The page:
Workshop ‘Security and the Political Turn in the Philosophy of Technologies’, University of Twente | DesignLab, March 10 2017. How to understand the political significance of things? And how to deal with the politics of technology in a responsible way? Ever since Langdon Winner claimed in the early 1980s that “artifacts have politics”, these questions have been puzzling philosophers and ethicists of technology. Technologies are not just instruments for humans to do politics but actively shape politics themselves. In this workshop we will explore various dimensions of this political role of technologies, especially with regards to security, citizenship in a technological world, and the role of social media and ‘fake news’ in contemporary democracy.

Speakers include:

  • Babette Babich (Fordham)
  • Robin James (UNCC),
  • Laura Fichtner (TUD)
  • Wolter Pieters (TUD)
  • Melis Bas (UT)
  • Jonne Hoek (UT)
  • Philip Brey (UT)
  • Nolen Gertz (UT)
  • Michael Nagenborg (UT)
  • Peter-Paul Verbeek (UT)

The workshop is sponsored by the 4TU.Ethics working group on “Risk, Safety, and Security.”

“Do you hear voices? You do. So you are possessed” – @mikedotphillips talk @exetergeography

I’m really pleased to share that Prof. Mike Phillips (i-DAT, Plymouth) will be speaking  next week as part of the Exeter Geography seminar series. Mike is a founder of the Institute of Digital Art and Technology and one of the founders of the undergraduate programme I studied MediaLab Arts, which is now called  Digital Media Design.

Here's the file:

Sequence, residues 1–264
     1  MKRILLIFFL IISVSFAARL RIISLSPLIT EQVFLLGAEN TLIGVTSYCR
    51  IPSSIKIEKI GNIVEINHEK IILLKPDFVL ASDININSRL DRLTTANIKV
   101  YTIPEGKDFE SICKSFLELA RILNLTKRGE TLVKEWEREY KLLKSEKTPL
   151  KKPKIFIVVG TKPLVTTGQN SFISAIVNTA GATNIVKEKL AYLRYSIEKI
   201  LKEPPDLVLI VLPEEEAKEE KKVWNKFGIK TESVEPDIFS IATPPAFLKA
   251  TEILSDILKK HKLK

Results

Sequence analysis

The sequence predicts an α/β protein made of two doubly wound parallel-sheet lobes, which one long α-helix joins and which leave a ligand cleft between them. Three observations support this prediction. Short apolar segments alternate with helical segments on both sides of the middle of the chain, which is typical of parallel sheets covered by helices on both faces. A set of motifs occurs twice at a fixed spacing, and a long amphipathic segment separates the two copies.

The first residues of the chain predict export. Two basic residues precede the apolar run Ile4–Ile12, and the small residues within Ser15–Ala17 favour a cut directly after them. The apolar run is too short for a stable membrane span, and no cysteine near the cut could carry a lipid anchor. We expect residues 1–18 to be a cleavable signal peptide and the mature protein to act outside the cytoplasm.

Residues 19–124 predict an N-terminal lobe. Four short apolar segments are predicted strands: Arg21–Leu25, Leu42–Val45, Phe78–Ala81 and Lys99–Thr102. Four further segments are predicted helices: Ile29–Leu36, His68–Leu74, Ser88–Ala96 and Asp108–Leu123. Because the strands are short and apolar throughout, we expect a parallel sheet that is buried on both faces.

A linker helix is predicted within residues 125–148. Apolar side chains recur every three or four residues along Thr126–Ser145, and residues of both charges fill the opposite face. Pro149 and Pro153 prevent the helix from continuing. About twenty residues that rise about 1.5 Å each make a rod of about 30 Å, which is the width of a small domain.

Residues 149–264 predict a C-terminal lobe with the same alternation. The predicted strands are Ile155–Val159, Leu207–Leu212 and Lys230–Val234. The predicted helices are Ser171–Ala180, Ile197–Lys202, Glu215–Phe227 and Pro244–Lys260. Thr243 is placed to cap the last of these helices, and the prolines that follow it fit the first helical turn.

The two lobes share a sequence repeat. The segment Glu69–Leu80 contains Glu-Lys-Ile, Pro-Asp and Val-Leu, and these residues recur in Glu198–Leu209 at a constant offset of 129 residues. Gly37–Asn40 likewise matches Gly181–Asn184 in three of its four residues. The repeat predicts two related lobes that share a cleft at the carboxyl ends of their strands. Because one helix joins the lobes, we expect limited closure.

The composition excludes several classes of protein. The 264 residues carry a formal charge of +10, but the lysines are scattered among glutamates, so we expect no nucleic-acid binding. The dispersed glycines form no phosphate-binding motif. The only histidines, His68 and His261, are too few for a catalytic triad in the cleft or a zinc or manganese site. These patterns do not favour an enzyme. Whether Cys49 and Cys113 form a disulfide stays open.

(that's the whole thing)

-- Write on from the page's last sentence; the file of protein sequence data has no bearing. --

Details: Thursday 16th March, 12:30: Amory 417. All welcome!

Reblog> Book Launch: Playful Mapping in the Digital Age

Via Institute of Network Cultures.

Generally wary of anything with “digital age” in the title, but good to see some geographers featuring in ‘digital cultures’ type networks…

Book Launch Playful Mapping in the Digital Age

MONDAY 13TH OF MARCH, 17:00 – 18:15 @SPUI25, AMSTERDAM.

With keynote lectures by Michiel de Lange and, Emma Fraser and Clancy Wilmott.

From Mah-Jong to the introduction of Prussian war-games, through to the emergence of location-based play: maps and play share a long and diverse history. In this programme, we will launch the book Playful Mapping in The Digital Age, which shows how playing and mapping can be liberating, dangerous, subversive and, performative.

>> Sign up here.

Playful Mapping in the Digital Age shows how mapping and playing unfold in the digital age and in which ways the relations between these apparently separate tropes are increasingly woven together. Fluid networks of interaction have encouraged a proliferation of hybrid forms of mapping and playing. A rich plethora of contemporary case-studies, ranging from fieldwork, golf, activism and automotive navigation to pervasive and desktop-based games, emphasizes this trend. Examining these cases shows how mapping and playing can form productive synergies, but also encourages new ways of being, knowing and shaping our everyday lives. This afternoon, the Members of the Playful Mapping Collective explore how play can be more than just an object or practice, and instead focus on its potential as a method for understanding maps and spatiality.

Echoborg

Former colleagues of mine at UWE are developing an interesting project, which you may have seen/heard about through the BBC’s Click programme, called Echoborg.